Warning. Major Logan spoilers follow…
With this year’s Logan, director James Mangold and star Hugh Jackman delivered a rather fantastic end to Jackman’s 17-year stint as the fan favourite mutant superhero Wolverine, culminating in an emotional climax where Logan makes the ultimate sacrifice in order to save his clone/daughter Laura and her young mutant friends from his other clone, X-24.
While lots of tears were shed over the final scenes, James Mangold has revealed to CinemaBlend that he doesn’t view the conclusion of the film as a downer – quite the opposite in fact, as he sees it as a happy ending given the suffering Wolverine has endured throughout his life.
“Something gets born of every tragedy. In many ways, I look at the movie and I realize what a happy ending it is. At least from the perspective of Wolverine’s character. I think, unlike anything you have seen in the previous seven or eight movies, he’s happy in his final moments on this earth. He’s happy. He feels somehow satisfied, and I think that’s something very few of us might be able to say in our parting glances from this world. That we suddenly taste and know everything and feel like we got to experience everything. And I think in some way, and Hugh’s performance is really transcendent there, he communicates that and leaves us more moved than bereft.”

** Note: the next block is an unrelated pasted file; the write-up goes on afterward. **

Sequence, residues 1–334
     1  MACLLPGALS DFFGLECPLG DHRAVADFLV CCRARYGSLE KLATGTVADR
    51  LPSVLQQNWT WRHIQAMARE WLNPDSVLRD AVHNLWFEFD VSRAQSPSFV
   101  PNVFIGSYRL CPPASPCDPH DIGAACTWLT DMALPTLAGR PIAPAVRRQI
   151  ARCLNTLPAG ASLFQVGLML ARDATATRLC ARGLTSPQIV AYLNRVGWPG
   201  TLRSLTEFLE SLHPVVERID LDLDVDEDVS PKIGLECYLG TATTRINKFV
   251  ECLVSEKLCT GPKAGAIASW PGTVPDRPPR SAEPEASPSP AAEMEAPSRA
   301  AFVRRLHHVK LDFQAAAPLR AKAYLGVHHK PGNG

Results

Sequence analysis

Meanwhile, in a separate interview with Collider, Hugh Jackman has admitted that he was initially reluctant to pull double duty as X-24, and wasn’t sure how fans would react to the character:
“I was very skeptical of having X-24 being played by me. I understood what it represented and thematically the idea of battling himself, which of course is right at the core of this character that we never fully got to, so I kind of loved the externalization of that. But I also know that myself as an actor and fans of Wolverine come up to me in the street every day and go, ‘We wanna see that full berserker animalistic crazy off-the-wall Wolverine,’ right? That we don’t feel we’ve fully seen it, so I was like, ‘Jim if we introduced halfway or near the end of the movie that full berserker animalistic crazy Wolverine and he’s somehow fighting our hero, audiences won’t know what to feel.’ And I remember him saying, ‘Trust me, trust me, trust me.’ And I was a bit of a pain in the ass on that one, I was like, ‘I’m just not sure. Let’s keep exploring it and exploring it.’”
However, Jackman went on to reveal that his fears proved unfounded, particularly given the way that X-24 was introduced to the audience: “When I saw the movie it’s just clear, for some reason I think because he skewers Patrick Stewart in that moment the audience just sort of hates him. We did some subtle things, I changed the bridge of my nose, I wore contacts — I just wanted him to look a little different from myself. And I think by that point we’d created already the Wolverine that people wanted to see. So anyway, that was one of my examples of being wrong.”
In the near future, a weary Logan cares for an ailing Professor X in a hide out on the Mexican border. But Logan’s attempts to hide from the world and his legacy are up-ended when a young mutant arrives, being pursued by dark forces.
Logan reunites Hugh Jackman with The Wolverine director James Mangold and also stars Patrick Stewart, Boyd Holbrook, Richard E. Grant, Stephen Merchant, Dafne Keen, Eriq La Salle, Elizabeth Rodriguez and Elise Neal.